Bahai News -- Sun-Sentinel - Weston festival offers global view
Weston festival offers global view
By Beth Feinstein-Bartl
Posted February 5 2003
WESTON · After taking a hiatus last year, organizers of Around the World in Weston are bringing back the festival on Sunday at the Weston Town
The event, which seeks to instill unity by promoting different cultures, had been conducted annually in the fall since 1998. But when the
organizers wanted to move the festival from October to February to take advantage of cooler weather, they decided to take a break in 2002 that
would allow more time to make the change, said Diane Valentini, marketing and special events manager for the Weston Town Center.
The festival, originally conducted in Tequesta Trace Park, moved in 2001 to the Town Center, at Arvida Parkway and Bonaventure Boulevard. This
year's festival will run from 11 a.m. to 4 p.m. along the center's Main Street and in the adjoining Linear Park, Valentini said.
The last festival at Town Center drew between 8,000 and 10,000 people, she said.
Around the World visitors will be able to travel the globe without ever leaving southwest Broward County, said Vernon Love, a mortgage broker
who is the festival chairman.
Love, a native of Jamaica who lives in Weston, said he was motivated to get involved with the event because he wanted to see it get bigger and
"Because it is a community event, we are the only ones that can do it," he said.
About 17 nations will be represented in cultural exhibits. Countries will include Trinidad, Korea, Brazil, Jamaica, Peru, Germany, Spain and
Colombia. American Indians also will be represented, Love said.
Representatives of some of the countries will be dressed in native costumes. Displays will cover such topics as languages, religion, art and
food, Love said.
Residents, as opposed to tourist boards or professional organizations, will create the exhibits, he said.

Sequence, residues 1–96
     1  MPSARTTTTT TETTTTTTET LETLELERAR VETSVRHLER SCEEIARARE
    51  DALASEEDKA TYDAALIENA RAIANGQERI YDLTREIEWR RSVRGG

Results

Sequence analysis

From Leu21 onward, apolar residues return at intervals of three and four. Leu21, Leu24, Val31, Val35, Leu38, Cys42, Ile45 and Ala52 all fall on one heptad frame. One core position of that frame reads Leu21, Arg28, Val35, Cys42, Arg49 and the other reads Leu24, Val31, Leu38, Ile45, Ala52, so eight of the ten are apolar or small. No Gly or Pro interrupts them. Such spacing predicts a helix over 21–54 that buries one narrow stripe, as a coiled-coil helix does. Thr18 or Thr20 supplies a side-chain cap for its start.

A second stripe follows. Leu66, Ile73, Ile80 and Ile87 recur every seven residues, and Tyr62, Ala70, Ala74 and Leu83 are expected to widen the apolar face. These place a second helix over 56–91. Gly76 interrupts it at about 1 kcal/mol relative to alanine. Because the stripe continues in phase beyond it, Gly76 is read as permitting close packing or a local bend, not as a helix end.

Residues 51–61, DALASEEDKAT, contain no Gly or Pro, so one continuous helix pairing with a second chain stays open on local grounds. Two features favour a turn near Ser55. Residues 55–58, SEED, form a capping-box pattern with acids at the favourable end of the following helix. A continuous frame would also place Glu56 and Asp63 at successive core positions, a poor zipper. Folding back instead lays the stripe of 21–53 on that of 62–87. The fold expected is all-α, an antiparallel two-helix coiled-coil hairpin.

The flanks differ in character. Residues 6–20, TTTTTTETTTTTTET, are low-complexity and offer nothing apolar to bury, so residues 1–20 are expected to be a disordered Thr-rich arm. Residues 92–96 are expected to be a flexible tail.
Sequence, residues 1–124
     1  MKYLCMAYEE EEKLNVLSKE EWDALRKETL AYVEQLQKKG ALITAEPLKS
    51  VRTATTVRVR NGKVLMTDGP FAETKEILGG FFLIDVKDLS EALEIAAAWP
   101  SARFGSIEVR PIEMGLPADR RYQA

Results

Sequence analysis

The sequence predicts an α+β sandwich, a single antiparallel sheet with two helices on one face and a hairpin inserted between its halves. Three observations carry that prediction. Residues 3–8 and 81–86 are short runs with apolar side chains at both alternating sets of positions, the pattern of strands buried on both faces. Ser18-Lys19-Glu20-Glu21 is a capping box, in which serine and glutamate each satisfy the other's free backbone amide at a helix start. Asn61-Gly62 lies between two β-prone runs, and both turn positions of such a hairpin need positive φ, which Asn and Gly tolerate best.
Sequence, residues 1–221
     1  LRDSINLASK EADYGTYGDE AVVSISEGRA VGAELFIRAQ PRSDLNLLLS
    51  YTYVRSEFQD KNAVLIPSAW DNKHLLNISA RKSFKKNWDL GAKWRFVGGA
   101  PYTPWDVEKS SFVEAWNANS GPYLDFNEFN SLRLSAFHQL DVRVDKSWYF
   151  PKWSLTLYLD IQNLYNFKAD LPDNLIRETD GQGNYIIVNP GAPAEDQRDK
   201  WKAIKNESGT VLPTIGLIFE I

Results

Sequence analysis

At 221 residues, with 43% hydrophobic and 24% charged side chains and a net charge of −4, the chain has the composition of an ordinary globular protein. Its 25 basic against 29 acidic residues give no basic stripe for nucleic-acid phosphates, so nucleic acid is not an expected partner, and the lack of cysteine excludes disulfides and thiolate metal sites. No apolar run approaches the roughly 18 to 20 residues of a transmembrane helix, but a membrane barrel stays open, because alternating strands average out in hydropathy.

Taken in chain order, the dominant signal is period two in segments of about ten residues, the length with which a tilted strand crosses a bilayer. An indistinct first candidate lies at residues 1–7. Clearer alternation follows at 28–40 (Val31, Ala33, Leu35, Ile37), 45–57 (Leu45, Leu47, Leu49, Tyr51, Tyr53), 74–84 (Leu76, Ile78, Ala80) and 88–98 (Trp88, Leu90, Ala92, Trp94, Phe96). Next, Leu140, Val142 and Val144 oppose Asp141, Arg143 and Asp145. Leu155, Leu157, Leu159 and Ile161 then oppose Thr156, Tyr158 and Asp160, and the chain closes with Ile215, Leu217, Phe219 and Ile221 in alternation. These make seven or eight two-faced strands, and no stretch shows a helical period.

"It's being done by the general populace, who are proud of their culture and want to share it with their neighbors," Love said.
Countries also will be represented at an international marketplace. Eight vendors are expected to be selling wares that will range from
Brazilian sweets to postcards with photos taken around the world, Love said.
A storyteller will share tall tales and dancers and musicians will perform on two stages.
The entertainment has been expanded from 14 acts in 2001 to 21 soloists and groups this year, Love said.
Artists will include a dancer from Thailand, a troupe of belly dancers, folkloric groups from countries in South America, a girl who plays a
Paraguayan harp, a reggae singer, a steel drum player from Trinidad and a children's dance troupe performing dances from Russia.
All of the entertainment and other activities will allow visitors to develop an appreciation for different cultures, said Brenda Powe-Williams,
a Weston resident who serves on the festival's organizing committee and is co-founder of the festival.
Powe-Williams, the general sales manager for a Fort Lauderdale radio station that targets a Caribbean audience, came up with the idea for
Around the World with Heather Hosseini, a dentist in Weston.
"We were discussing how Weston, at that time, was more diverse than we thought was being recognized by the overall community," Powe-Williams
said. "Both of us are members of the Bahai Faith and we wanted to do something that would create a feeling of unity and oneness."
Since the first festival in 1998, Weston's population has grown more diverse. "And because of that, there's even more of a need to bring people
together," Powe-Williams said.
Love is glad that the event will now be conducted in the winter.
"We're anticipating more people and better weather," he said.
Valentini agreed that February is better suited to the festival. Three years ago, the event had to be postponed because of hurricane warnings,
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